More than 400 acres of Cornwall Borough property surrounding the Cornwall quarry changed hands last month in a transaction that officially closes the books on a waylaid real estate venture once planned for the site.

Once envisioned as The Preserve at Cornwall Village, the land surrounding the Cornwall quarry – which today serves as a backup water supply for the Elizabethtown Area Water Authority – was purchased last month by Cornwall Properties, an LLC connected with Byler Holdings, owners of Iron Valley Golf Course and numerous other ventures in the area.

“At this time, we’re just exploring different options for that property and going from there,” said company president and CEO Jonathan Byler.

The properties were purchased for $4,425,000 in a transaction dated May 18 and recorded with the county the next day.

Construction engineering company Haines and Kibblehouse once planned a $300 million development for the area surrounding the flooded quarry, a project that ultimately got held up due to a sticking point with PennDOT over securing access from Route 322 to the site. According to Cornwall Borough meeting minutes, the firm began to shop around the site in 2018 to see if Cornwall Manor would be interested in buying the properties or participating in their development.

The H&K development, if fully realized, would have seen hundreds of homes, a major hotel, 30,000 square feet of commercial space, a water park, and a marina built on a campus encircling the now-flooded pit of the Cornwall Iron Banks.

Haines and Kibblehouse once planned a $300 million development for the land surrounding the Cornwall quarry, but ultimately faced insurmountable hurdles from PennDOT in terms of providing direct access to the site via Route 322. Note the main entrance indicated to bottom right.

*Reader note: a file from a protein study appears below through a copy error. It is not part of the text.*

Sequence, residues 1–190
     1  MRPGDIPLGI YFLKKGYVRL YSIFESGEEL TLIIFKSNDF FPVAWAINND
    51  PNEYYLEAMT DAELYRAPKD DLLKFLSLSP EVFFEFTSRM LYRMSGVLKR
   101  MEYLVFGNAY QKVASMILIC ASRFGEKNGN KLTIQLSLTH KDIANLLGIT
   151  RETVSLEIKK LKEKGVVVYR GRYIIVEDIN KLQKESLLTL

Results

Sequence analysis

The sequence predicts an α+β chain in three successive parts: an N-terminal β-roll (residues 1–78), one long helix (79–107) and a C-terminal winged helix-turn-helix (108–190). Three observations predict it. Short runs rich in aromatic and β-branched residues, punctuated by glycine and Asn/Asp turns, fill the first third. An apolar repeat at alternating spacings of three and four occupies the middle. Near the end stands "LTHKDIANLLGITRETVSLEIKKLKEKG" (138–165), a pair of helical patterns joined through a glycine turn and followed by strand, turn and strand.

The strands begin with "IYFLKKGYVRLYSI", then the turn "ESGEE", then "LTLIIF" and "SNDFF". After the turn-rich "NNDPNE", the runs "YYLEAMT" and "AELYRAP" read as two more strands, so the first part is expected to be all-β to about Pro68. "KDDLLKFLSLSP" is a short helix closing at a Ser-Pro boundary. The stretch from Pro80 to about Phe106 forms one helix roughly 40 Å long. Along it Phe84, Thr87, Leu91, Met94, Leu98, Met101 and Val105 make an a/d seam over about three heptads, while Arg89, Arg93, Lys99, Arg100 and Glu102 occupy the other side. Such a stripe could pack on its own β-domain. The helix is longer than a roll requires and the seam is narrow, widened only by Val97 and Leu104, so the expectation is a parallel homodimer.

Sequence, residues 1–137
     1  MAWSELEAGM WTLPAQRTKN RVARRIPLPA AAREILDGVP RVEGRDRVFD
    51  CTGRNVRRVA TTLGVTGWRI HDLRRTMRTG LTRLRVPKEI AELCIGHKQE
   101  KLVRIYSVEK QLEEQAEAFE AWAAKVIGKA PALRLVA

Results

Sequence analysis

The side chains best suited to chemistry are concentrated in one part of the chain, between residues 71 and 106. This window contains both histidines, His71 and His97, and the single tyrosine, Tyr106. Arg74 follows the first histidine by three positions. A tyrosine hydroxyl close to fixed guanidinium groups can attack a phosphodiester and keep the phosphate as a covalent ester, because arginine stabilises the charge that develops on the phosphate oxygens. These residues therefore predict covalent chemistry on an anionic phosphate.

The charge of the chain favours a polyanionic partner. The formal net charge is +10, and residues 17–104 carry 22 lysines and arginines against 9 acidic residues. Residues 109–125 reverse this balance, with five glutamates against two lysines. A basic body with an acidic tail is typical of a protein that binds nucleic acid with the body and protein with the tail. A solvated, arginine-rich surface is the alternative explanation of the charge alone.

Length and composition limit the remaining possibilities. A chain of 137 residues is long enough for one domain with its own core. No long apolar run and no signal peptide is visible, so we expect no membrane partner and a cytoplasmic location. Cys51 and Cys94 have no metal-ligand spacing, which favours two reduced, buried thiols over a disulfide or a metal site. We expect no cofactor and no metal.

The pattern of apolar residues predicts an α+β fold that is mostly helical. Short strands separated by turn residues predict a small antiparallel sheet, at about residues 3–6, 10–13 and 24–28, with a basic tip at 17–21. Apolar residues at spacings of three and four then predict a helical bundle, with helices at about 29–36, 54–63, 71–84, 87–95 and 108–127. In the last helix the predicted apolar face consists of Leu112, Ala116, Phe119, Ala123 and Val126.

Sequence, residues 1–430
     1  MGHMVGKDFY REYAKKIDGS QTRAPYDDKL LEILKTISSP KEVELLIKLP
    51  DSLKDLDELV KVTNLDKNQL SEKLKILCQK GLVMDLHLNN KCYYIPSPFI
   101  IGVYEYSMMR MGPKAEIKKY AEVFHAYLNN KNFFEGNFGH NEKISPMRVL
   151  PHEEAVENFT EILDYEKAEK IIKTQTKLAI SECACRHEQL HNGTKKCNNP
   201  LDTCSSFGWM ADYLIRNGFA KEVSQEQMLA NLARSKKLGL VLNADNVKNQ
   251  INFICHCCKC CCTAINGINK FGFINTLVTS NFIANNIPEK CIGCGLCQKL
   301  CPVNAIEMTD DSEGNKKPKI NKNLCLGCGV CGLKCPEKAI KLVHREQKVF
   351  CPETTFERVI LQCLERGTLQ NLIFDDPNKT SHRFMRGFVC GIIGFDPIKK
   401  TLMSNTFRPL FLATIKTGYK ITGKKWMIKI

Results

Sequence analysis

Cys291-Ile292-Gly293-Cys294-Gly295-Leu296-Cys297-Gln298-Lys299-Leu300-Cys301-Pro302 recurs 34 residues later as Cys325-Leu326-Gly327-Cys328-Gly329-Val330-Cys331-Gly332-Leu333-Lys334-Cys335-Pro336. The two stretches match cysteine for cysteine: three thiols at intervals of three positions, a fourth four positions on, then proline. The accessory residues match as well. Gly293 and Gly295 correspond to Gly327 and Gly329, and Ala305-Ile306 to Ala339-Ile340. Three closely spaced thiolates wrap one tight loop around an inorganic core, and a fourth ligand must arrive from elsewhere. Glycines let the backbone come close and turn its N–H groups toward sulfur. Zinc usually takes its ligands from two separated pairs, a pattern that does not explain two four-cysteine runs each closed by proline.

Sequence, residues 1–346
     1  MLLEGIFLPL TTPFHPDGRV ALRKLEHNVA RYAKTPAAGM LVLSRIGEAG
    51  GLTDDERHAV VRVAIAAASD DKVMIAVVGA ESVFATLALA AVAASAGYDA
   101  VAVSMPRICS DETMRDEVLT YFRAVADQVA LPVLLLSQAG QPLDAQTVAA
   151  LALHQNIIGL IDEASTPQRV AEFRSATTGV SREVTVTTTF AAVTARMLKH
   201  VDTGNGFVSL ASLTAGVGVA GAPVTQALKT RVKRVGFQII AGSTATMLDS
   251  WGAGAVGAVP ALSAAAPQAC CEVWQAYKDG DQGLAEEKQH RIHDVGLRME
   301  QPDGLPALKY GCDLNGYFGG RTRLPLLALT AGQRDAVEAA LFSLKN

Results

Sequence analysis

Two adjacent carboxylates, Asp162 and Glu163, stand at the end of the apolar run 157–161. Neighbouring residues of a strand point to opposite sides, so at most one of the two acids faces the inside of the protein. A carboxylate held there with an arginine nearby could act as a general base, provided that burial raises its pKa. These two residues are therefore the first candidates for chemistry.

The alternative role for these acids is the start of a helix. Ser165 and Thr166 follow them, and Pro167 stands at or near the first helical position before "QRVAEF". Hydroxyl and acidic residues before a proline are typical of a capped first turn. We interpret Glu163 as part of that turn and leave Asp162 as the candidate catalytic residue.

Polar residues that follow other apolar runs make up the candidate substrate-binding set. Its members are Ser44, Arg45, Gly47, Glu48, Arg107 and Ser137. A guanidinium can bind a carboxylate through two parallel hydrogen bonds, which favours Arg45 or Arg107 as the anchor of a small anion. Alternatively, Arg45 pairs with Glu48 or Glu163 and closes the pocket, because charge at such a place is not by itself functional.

The Cornwall Iron Banks date back to the early 1730s when Peter Grubb discovered that there was iron, and likely a lot of it, in the area’s foothills. The quarry began to take on its current inundated appearance with the diluvian arrival of Tropical Storm Agnes in 1972.

The H&K plan had been supported by Byler, who wrote in a 2010 letter that it would be a great benefit to area residents and the region.

Byler said that there has been an ongoing relationship between H&K through Byler Holding’s materials divisions, and that Byler Holdings had previously expressed an interest in the property if H&K was ever going to sell it.

“We obviously own property up against it and we’re neighbors,” said Byler. “We feel like it’s a spectacular piece of property that adds to our land holdings in the area.”

Byler said that plans for the property, including whether it might try to acquire the quarry itself, are all still in the exploratory phase.

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